Sheetrock is brittle, weak, and easily crumbles… so why is it so widely used for home interiors? Well, there are many reasons sheetrock, or drywall, is the material of choice for many modern homes. Sheetrock is cheap, extremely workable, fire-resistant, and makes a good base for a wallpaper finish. So although it’s not the strongest material in the world, it’s pretty safe to say that the pros outweigh the cons.
Sheetrock, put simply, is just gypsum plaster “wrapped” in thick paper. The tensile strength of the paper is what keeps the otherwise brittle board from cracking too easily. Therefore, by only cutting the paper on one face of the board, you can “crack” it along this line and then flip the board over to cut the other side. Sheetrock boards can in this way be cut into virtually any shape that is needed.
Sheetrock is typically fastened to wall studs using drywall screws of appropriate length – although nails have also been used in the past. For example, 25 millimeter drywall screws are typically used for sheetrock 12 millimeters and under, while 32 millimeter drywall screws would be used for 15 millimeter sheetrock.
With modern pneumatic tools and air compressors, we have the ability to fasten sheetrock boards to walls and ceilings using air-powered screw guns. These work in much the same way as a nail gun does and enable the drywaller to secure boards to ceilings for example, that he otherwise would require the assistance of a prop for – not to mention the monumental speed difference that screw guns introduce.
Sheetrock can be cut with the method I outlined above using only a utility knife, or you have the option of using a circular saw with a vacuum attachment. Of course, it’s not like it’s impossible to cut out sheetrock with methods other than those I listed above, but most professionals will use one or both of these methods. I covered the utility knife method above, so I’ll explain how the circular saw method works.
Circular saws used for cutting sheetrock are usually in the 6 1/2 inch blade diameter category due to not having such high power and blade-depth requirements. Sheetrock is fairly soft and easy to cut, and even a small circular saw will make quick work of it. They differ from normal circular saws in that they have an outlet where dust can be sucked out by a vacuum cleaner hose that is attached to it.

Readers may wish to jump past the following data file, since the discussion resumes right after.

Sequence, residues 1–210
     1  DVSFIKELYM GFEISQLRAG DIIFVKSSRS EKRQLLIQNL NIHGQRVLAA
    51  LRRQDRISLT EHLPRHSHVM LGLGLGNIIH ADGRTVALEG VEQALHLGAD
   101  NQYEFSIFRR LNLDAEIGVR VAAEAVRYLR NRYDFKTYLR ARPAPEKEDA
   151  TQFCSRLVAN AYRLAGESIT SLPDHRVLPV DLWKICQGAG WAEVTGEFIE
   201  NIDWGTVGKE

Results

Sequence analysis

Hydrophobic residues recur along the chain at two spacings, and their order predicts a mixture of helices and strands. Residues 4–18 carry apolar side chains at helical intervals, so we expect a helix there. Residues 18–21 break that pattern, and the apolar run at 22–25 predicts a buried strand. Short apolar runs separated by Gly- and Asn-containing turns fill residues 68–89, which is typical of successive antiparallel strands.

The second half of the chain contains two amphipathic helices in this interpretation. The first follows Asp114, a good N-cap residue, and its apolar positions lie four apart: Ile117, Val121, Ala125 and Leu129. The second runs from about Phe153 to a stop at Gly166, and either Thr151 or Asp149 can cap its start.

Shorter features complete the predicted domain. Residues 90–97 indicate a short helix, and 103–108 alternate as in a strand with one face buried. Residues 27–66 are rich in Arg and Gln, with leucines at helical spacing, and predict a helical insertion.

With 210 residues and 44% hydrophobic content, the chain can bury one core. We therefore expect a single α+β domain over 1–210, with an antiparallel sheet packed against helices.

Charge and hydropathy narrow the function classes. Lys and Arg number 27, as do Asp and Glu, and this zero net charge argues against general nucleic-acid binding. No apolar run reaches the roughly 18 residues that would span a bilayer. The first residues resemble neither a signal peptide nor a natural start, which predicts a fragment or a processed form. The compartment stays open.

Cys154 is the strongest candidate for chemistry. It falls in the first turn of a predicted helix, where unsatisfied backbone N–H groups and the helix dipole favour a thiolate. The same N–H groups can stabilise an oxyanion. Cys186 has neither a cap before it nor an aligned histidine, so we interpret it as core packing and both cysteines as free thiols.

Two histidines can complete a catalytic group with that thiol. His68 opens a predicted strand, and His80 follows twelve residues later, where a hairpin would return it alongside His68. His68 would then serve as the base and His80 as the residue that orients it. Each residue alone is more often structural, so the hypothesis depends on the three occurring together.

The circular saw is plugged into the vacuum cleaner, which should have power settings such as on, off, or auto. “On” means the vacuum cleaner will be on regardless of whether the saw is on or not. “Off” is off, and “auto” is when it’s synchronized, and turns on and off with the circular saw. Auto is the setting that is usually used when attached to the circular saw.
It goes without saying that the three components – circular saw, vacuum hose, and vacuum cleaner itself – should be bought as a set, or an expert should be consulted so as to ensure all parts fit together and work with one another properly. As you can imagine, cutting sheetrock with a circular saw – sans vacuum attachment – will spray copious amounts of extremely unpleasant and toxic dust into the air.
For those who are contemplating roughing it without the vacuum attachment… don’t do it, it’s not worth it! – Especially if you’re working in enclosed spaces such as a room you’re renovating – which is often the case being that sheetrock is an interior building material. Not to mention it will put a substantial layer of white powder all over the room you’re in creating unnecessary cleanup work.
Final Pointers, Tips, and Tricks for Sheetrock Installation
- Put a chamfer on all sheetrock board edges forming a joint with another board to ensure good putty joints. All joints will be puttied prior to wallpapering, but putty will simply dry, crack and crumble out of small, skinny joints. Therefore chamfering ensures adequate amounts of putty are applied, creating durable joints. Chamfering can be done simply with a utility knife, or a hand planer that has a V groove cut into the underside of its body.
- Ensure no screws or nails are protruding from sheetrock surface. This is obviously important because screws will not only be visible as an ugly lump through the finished wallpaper, but has the potential to cause a tear as well. However, sinking them too deeply causes another problem in that they won’t be holding the sheetrock as well. Ideally you would sink the screw-head just past the sheetrock surface without allowing it to punch through the paper completely. This is especially important when doing ceilings! Screws that are sunk too deep lack adequate holding power and cannot be counted on to hold ceiling boards.
- Sheetrock boards can be stacked up in neat piles and cut from the top down. By setting the blade-depth to just shy of the board thickness you can cut without having to worry about slicing through to the boards underneath. You then simply need to slice the remaining paper with a utility knife and you’re good to go. Also, by cutting with the boards backside-up, you have the option of slicing the paper on the “outside” of the saw-blade kerf. This allows you to intentionally cut the board shy (for fitting ease) yet still make it seem like a snug fit due to the paper concealing any gaps.
- Having a hand saw handy can be extremely useful when needing to cut many small or intricate notches and/or angles.
- A rasp can be used to file down high spots when walls aren’t straight. This is a quick and effective approach for small tweaks and adjustments.